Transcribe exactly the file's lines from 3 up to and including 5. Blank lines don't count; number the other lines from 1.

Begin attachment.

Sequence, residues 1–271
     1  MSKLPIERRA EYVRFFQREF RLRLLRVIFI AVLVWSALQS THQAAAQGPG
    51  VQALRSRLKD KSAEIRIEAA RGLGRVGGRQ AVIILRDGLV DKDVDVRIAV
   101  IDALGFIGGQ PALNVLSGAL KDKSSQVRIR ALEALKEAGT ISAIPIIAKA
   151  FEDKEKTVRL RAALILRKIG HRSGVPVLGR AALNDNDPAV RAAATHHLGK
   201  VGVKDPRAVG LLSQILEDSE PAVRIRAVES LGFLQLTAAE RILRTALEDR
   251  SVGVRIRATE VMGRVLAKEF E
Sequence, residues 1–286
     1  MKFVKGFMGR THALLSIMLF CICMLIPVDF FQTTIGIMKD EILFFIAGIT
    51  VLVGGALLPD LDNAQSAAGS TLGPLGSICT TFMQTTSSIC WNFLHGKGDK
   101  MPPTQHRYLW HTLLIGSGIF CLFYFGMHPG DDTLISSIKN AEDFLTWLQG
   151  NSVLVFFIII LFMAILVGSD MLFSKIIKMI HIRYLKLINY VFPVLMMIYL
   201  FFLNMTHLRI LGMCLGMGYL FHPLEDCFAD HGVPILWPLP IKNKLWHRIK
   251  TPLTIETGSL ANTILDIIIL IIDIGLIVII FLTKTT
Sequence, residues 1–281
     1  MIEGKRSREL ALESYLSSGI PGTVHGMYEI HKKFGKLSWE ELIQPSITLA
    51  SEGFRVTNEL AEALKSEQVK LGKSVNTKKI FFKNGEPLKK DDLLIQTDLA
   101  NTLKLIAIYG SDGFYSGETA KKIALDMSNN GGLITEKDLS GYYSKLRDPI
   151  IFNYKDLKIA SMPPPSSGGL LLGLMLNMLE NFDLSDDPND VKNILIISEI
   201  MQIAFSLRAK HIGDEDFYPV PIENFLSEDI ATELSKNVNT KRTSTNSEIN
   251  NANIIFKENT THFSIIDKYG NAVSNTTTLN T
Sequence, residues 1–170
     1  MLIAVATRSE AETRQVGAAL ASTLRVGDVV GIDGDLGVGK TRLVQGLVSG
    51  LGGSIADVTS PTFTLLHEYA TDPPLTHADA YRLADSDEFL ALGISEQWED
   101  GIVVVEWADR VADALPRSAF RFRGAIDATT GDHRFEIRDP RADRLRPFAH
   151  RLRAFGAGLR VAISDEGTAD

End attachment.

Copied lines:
    51  VQALRSRLKD KSAEIRIEAA RGLGRVGGRQ AVIILRDGLV DKDVDVRIAV
   101  IDALGFIGGQ PALNVLSGAL KDKSSQVRIR ALEALKEAGT ISAIPIIAKA
   151  FEDKEKTVRL RAALILRKIG HRSGVPVLGR AALNDNDPAV RAAATHHLGK